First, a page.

Communion_book_cover

Since I’ve started writing for Team Hellions, aliens have become almost, if only slightly less, synonymous with the other featured topics here, like wrestling and comics. Kevin and I have both reviewed Pat Lee’s Extraterrestrial Compendium and one of my favorite comic series, Saucer Country, was a regular feature in the review section until it was canceled. (Yeah, I’m still mad about it.) So, aliens? We talk about ’em… in like 1% of the posts that appear on the site. In more recent times I felt compelled to reread Whitley Strieber’s highly controversial best seller Communion, which deals with his alien abduction experiences.

Communion is the kind of book to garner such reviews as, “this book was stupider than a circular firing squad” or “what a crock of shit…” Both of these reviews were culled from Goodreads, and if you want hours of enjoyment,  just scroll through some of them. Amazingly, many of the negative reviews come from readers who were “frightened” by the book. I was one of these people a couple of years ago. I used to own a copy, but threw it away because of an experience I had from reading it. I won’t go into detail about it, but it scared the shit out of me. So, to the woman who said this book was a “crock of shit,” well, that was from my bowels. So why revisit it? To conquer fears? Probably, but a lot of it has to do with my writing. The first story I ever tried to write was an alien abduction story. I’ve never quite been able to, but after reading this book I feel like I’m ready and able to.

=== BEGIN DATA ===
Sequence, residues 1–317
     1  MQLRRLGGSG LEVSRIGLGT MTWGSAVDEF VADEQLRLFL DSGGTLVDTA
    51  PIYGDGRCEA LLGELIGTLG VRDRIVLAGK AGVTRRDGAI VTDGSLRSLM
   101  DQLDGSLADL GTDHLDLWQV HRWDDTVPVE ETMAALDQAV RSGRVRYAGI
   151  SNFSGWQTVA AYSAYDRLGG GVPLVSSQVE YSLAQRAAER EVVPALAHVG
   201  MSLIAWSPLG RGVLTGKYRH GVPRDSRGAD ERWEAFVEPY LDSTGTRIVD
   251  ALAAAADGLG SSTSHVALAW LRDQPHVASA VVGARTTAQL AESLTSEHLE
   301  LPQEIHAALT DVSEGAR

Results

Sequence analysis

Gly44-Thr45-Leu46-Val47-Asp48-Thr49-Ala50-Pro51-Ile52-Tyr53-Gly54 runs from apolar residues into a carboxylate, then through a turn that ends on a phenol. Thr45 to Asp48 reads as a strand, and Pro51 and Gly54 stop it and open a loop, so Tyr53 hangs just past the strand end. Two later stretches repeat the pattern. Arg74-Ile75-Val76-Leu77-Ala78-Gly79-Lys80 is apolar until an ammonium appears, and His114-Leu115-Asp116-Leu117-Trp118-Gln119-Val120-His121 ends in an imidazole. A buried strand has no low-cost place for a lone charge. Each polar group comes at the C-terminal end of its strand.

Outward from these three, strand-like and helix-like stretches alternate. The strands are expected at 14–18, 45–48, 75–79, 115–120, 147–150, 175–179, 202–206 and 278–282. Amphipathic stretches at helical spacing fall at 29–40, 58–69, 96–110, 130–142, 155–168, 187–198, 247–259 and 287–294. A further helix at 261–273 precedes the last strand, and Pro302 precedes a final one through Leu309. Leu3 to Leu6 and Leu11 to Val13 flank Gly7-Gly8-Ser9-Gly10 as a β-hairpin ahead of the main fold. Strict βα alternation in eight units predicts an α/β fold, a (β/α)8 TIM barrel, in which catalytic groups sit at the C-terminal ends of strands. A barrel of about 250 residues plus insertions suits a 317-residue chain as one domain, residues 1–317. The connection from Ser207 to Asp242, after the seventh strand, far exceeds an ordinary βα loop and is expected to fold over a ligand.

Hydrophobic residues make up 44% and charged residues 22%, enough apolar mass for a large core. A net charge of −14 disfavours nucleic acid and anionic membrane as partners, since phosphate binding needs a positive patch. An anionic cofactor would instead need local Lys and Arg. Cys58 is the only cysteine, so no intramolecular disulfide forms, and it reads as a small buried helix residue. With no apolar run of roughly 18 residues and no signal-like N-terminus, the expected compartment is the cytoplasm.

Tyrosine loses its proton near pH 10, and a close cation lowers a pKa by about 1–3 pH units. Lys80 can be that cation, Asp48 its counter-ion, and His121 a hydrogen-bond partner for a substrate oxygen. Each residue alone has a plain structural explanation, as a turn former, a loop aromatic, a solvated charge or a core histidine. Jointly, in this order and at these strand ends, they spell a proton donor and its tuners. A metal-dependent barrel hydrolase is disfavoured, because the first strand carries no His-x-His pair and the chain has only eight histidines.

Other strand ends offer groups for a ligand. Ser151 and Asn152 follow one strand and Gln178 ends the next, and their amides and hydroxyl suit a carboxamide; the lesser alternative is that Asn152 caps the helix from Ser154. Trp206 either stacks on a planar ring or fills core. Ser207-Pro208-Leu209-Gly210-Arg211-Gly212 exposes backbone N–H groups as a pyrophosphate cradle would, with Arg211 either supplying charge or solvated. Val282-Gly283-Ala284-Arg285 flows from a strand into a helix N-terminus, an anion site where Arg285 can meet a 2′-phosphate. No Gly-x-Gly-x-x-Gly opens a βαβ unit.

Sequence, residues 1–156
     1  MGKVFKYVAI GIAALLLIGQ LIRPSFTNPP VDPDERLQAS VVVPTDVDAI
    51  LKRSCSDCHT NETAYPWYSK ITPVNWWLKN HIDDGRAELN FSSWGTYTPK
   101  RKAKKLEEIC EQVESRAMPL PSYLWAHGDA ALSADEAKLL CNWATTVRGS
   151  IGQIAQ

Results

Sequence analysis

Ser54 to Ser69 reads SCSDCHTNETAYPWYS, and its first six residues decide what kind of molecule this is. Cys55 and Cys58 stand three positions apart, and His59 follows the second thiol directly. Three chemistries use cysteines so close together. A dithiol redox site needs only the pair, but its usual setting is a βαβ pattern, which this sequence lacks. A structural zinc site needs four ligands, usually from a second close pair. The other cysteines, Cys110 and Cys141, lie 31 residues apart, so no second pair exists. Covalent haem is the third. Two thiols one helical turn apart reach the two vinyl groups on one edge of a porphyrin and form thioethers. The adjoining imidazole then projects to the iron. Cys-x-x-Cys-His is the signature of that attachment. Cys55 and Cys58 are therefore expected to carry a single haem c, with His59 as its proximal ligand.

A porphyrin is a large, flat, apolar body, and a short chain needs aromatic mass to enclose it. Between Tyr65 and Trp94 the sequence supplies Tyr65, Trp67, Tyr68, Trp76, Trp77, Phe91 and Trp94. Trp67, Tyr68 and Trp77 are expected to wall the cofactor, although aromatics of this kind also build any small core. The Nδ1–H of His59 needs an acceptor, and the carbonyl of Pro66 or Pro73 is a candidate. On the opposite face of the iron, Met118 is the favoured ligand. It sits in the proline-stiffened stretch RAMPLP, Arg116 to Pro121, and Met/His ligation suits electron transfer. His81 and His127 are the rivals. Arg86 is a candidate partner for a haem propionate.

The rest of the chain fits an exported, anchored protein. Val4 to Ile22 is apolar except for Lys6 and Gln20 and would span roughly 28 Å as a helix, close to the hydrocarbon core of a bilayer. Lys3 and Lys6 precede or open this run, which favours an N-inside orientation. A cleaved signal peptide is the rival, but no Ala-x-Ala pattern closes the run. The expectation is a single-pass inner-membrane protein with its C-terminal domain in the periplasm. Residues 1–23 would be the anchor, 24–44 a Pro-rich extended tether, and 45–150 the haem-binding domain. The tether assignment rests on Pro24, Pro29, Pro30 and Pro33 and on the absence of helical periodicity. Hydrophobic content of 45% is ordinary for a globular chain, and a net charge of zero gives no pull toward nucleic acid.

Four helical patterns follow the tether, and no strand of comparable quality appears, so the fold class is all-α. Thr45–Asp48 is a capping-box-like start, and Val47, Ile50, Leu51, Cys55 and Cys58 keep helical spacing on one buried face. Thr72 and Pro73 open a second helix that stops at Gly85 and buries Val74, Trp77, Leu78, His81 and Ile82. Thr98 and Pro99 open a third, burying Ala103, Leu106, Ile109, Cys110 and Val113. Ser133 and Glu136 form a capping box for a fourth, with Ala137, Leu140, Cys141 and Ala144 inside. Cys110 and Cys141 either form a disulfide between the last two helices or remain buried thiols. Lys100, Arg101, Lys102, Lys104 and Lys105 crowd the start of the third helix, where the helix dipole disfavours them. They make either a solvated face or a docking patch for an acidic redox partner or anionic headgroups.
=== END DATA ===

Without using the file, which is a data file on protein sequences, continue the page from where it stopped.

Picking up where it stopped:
The bulk of Communion deals with Whitley Strieber’s history as an abductee, but is largely centered around two experiences, one on October 4th and the other on December 26th, 1985. Through a series of hypnosis sessions, the events of these days are revealed and take the author back through a lifetime of abduction experiences, which would go on to involve his wife and child. More than that though, Strieber challenges the nature of reality and posits questions about what he calls “The Visitors.” Who they are? Why they’re here? He examines myth and our past, looking for connections within our culture.

For a book that deals with these topics, it deals with them intelligently; asking questions, positing theories, and making predictions, some of which have come true. It’s a well written account of events that have happened to so many people around the world. Communion became the book that talked about these issues, and became the vehicle with which we share our stories and experiences. It’s worth a read, at least once in your life. It makes you think, as much as any book that posits questions that can’t be answered will.

Advertisements